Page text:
The American Academy of Neurology has released new guidelines for tic disorders and tics in Tourette’s syndrome. The guideline is endorsed by the Child Neurology Society and the European Academy of Neurology and published in the May 7 issue of Neurology. This is the first published evidence-based guideline for neurologists published.
The guideline emphasizes that a thorough diagnostic work up is needed in all patients with tics. Special attention should be paid to ruling out or identifying obsessive-compulsive disorder (OCD), attention deficit hyperactivity disorder (ADHD), and anxiety, all of which are frequent comorbidities of tics that can be treated. It is essential to identify and treat OCD, ADHD, and anxiety in a person with tics and treat as needed. Left untreated, OCD, ADHD, and anxiety can interfere with successful treatment of tics. It is also recommended that neurologists provide education to people with tics and their family that there is a good chance that tics will resolve in late adolescence.
“Tourette syndrome and other chronic tic disorders can be of great concern to the person diagnosed and their family, so it is important that doctors let those affected know that tics may improve with time,” said guideline lead author Tamara Pringsheim, MD, MSc, of the University of Calgary in Alberta, Canada, and a Fellow of the American Academy of Neurology. “Treatments can help decrease tic frequency and severity, but they rarely eliminate all tics. It is important that people are informed of all the available treatment options, which include education, behavioral therapies, medication, or watchful waiting.”
When treatment of tics is needed, the guideline recommends Comprehensive Behavioral Intervention for Tics (CBIT), which is a process of learning skills and behavior proven effective to help people control the urges that lead to tics. Relaxation therapy, habit-reversal training, and behavior therapy over a 10-12-week period are components of CBIT.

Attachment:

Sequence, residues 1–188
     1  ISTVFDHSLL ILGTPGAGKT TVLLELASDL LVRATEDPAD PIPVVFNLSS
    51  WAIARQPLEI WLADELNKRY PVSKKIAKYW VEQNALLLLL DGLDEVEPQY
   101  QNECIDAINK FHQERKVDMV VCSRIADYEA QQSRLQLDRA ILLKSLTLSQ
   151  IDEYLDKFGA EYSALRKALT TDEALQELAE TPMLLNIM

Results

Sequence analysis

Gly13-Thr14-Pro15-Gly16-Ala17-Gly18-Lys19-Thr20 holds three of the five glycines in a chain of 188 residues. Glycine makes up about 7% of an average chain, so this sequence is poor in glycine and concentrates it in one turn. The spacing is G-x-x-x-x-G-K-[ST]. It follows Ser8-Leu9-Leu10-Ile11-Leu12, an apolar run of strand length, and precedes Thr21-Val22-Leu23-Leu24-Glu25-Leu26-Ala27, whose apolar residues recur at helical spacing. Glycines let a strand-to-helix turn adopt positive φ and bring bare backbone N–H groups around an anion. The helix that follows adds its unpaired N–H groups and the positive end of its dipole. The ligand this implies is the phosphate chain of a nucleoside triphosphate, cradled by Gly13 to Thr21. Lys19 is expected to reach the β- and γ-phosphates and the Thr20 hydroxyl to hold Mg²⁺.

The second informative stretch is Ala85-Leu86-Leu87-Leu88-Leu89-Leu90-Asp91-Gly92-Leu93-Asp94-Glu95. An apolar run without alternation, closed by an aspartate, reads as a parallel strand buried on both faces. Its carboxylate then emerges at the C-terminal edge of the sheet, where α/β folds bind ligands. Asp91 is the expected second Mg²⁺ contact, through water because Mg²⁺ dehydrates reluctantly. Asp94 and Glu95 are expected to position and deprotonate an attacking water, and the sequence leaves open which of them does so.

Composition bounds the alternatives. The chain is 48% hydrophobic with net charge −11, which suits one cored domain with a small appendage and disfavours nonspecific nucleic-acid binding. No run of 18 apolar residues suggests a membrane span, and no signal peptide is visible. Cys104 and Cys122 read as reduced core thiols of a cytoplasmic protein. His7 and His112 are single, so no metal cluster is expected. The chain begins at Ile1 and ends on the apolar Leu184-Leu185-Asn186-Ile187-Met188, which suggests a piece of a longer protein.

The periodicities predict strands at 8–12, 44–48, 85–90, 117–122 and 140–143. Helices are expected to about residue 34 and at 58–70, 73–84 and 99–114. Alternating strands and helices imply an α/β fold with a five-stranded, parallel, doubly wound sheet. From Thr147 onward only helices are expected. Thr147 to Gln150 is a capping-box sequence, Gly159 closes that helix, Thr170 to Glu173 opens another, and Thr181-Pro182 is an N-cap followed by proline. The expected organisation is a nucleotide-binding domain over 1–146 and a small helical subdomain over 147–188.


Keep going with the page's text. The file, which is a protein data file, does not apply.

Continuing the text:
When medications are needed, alpha-adrenergic agonists can be used and improve both tics and any comorbid ADHD. When benefits outweigh risks, antipsychotic medications can be considered, but must be used with care, titrating the dose and educating patients not to stop taking medication without physician supervision and tapering to prevent dyskinesia.
There is limited evidence that treatment with botulinum toxin may be helpful for people in their late teen years or adults. Adults with severe tics may benefit from deep-brain stimulation. The guideline notes that some adults with tics self-treat with Cannabis. In states where medical marijuana is legal, it is recommended that physicians educate patients about the variability in dose and strength that is inherent to medical marijuana and direct them to physicians who can supervise that use.
Peter McAllister, MD
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